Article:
One of my projects, when I finish all the others, is to write a book on memorisation, and techniques for memorising things, such as poems, Scripture, play scripts, speeches. I haven't yet seen a book that really gets to grips with most of these, though it may be out there hiding from me.
I was reminded of this (memory technique!) by seeing the phrase memory foam topper. I had to go and check it out. Turns out it merely means material that, when you put your hand behind it, retains the shape of your hand. Or, more correctly, when you're trying to get to sleep, it takes on the contours of your body. It sort of sounds useful, though I'm not entirely convinced. In the same advertising there's something called convoluted toppers, which turn out to look like a large extended egg carton that you sleep on. You can use the peaks up or down, depending on your preference. I don't see me sleeping on this stuff personally, although no doubt there are people who swear by it. I'd probably have nightmares about being an egg whose shell was breaking.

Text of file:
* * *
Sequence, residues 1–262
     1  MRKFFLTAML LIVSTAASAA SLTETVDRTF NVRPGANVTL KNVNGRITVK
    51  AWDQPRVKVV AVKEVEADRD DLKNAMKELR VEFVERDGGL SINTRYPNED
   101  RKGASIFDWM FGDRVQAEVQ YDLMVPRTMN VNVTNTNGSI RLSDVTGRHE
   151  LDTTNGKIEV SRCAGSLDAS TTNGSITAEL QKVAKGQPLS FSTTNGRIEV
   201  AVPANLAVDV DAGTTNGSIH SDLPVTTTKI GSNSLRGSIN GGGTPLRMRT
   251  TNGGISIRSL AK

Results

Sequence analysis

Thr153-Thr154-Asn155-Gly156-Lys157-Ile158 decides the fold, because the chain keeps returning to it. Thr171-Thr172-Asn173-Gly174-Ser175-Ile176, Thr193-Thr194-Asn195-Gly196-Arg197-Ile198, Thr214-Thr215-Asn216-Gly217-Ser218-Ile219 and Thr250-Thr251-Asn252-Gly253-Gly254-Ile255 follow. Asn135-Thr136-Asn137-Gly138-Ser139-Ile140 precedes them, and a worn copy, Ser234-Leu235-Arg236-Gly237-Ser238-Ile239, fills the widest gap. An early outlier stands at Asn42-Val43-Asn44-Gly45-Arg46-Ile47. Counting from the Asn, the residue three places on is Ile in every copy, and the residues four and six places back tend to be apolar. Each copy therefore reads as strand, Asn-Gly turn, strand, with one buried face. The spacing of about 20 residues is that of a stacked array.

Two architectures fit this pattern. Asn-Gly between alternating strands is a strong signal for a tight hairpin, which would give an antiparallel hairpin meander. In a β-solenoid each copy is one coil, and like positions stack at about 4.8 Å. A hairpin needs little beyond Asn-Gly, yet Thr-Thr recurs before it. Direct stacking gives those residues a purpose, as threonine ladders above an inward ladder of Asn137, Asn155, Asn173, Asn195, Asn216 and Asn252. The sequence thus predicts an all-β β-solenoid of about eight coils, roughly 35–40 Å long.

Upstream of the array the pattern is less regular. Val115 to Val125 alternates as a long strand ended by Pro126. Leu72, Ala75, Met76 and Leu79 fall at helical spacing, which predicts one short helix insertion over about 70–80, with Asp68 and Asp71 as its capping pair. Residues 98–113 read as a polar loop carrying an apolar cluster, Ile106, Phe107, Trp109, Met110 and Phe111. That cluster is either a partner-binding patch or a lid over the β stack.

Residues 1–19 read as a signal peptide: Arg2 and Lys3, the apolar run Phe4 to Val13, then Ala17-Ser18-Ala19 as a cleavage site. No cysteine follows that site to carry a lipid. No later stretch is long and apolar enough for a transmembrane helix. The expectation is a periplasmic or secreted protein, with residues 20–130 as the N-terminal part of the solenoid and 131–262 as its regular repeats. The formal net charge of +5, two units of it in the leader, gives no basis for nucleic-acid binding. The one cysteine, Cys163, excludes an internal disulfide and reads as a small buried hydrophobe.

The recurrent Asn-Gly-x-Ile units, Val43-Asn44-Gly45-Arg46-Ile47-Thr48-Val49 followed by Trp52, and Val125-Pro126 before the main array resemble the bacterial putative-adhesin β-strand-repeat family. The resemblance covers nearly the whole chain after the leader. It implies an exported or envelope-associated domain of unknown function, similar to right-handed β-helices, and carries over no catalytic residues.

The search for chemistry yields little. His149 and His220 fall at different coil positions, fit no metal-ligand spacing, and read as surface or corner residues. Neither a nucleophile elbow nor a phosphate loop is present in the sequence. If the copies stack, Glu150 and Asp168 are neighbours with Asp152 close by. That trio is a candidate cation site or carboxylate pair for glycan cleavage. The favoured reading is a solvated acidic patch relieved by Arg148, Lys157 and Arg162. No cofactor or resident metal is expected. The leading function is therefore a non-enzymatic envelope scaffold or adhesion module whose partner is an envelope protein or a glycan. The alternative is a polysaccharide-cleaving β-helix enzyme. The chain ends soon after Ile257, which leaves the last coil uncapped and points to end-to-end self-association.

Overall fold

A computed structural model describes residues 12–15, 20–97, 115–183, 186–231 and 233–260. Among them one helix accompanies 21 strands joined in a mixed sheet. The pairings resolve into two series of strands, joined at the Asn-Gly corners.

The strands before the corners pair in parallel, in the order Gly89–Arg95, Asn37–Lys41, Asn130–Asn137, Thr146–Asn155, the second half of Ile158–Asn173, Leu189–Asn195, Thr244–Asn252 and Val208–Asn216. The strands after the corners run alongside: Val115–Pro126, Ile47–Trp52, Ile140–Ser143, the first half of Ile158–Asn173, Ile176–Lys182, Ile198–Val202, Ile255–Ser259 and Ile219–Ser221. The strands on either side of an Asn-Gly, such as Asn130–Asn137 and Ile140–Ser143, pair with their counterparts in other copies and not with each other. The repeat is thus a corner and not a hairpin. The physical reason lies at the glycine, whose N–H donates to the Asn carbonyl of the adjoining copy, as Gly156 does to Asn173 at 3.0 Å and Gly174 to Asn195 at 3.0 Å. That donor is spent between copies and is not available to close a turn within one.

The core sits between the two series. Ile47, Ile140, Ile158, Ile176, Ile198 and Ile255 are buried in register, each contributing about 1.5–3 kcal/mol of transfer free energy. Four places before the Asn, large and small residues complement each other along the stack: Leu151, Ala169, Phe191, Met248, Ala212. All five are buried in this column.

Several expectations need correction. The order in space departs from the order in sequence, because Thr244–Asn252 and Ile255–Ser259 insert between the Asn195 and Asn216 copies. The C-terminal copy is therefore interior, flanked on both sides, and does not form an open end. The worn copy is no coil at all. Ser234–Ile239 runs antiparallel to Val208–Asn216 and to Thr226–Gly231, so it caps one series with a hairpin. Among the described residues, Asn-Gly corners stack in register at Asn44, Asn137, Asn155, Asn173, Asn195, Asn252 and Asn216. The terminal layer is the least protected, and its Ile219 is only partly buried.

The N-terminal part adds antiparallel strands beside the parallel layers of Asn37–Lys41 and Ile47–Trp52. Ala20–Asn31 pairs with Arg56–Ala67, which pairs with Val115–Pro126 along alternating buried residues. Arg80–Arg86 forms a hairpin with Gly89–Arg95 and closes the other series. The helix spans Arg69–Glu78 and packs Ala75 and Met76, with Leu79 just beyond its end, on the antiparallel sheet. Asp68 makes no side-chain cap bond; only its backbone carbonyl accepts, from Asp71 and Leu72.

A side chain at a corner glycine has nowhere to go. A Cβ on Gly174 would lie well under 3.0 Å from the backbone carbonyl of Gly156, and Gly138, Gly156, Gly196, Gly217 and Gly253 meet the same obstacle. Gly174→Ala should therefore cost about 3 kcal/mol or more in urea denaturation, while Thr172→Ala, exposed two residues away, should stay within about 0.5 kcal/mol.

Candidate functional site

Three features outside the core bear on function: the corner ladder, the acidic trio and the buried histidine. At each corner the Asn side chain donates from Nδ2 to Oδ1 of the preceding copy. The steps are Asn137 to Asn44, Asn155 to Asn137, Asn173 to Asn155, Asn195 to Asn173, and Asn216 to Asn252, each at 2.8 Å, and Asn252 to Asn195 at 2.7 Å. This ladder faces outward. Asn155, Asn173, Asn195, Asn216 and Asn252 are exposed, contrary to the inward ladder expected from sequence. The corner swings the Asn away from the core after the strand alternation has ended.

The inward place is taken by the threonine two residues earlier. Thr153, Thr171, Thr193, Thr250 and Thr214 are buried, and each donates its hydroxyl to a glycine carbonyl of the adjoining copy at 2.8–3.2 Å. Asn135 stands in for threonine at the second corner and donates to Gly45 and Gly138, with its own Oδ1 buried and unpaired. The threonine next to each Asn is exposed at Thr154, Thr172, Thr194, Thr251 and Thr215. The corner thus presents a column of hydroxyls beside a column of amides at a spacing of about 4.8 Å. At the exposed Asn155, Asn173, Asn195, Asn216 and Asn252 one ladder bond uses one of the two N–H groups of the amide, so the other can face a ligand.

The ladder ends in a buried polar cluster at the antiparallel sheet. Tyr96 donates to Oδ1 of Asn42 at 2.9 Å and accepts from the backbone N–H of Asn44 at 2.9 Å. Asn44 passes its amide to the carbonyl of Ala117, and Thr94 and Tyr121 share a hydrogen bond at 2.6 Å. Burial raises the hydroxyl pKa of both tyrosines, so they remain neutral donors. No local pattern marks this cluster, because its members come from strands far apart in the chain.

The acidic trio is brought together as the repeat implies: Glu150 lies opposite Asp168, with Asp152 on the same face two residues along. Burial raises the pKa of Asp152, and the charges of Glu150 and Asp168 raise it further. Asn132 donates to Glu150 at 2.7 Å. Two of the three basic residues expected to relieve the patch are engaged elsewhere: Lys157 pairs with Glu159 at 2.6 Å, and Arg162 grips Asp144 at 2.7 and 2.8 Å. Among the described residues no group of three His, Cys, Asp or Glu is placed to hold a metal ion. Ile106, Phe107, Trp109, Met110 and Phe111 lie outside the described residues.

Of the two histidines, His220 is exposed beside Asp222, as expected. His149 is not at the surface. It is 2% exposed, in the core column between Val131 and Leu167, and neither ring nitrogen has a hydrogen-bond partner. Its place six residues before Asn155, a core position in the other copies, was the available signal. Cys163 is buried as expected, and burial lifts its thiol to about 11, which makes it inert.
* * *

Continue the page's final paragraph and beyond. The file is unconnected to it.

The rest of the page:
We've got a good solid mattress on our bed that we've now had for a number of years; it has give in it, but not enough to give way, so you're always feeling firmly supported. The bed at our daughter's house in Christchurch (where we were babysitting for the last few days) is similar: you have none of that awful sinking feeling when you get into it. The mattress we had for a number of years (before the current one) used to throw us together in the middle of the bed. This has its points but isn't ideal long-term.
I'm not sure that mattresses that take on the shape of your body are actually better for you than ones that give you firm support. Each to his/her own, I guess.